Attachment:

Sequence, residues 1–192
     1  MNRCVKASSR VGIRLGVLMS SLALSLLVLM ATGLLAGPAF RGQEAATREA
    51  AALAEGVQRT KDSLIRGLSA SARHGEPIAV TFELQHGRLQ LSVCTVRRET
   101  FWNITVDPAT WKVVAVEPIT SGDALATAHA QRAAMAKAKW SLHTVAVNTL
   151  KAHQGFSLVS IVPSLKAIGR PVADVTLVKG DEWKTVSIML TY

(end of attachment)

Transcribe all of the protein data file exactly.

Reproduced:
Sequence, residues 1–192
     1  MNRCVKASSR VGIRLGVLMS SLALSLLVLM ATGLLAGPAF RGQEAATREA
    51  AALAEGVQRT KDSLIRGLSA SARHGEPIAV TFELQHGRLQ LSVCTVRRET
   101  FWNITVDPAT WKVVAVEPIT SGDALATAHA QRAAMAKAKW SLHTVAVNTL
   151  KAHQGFSLVS IVPSLKAIGR PVADVTLVKG DEWKTVSIML TY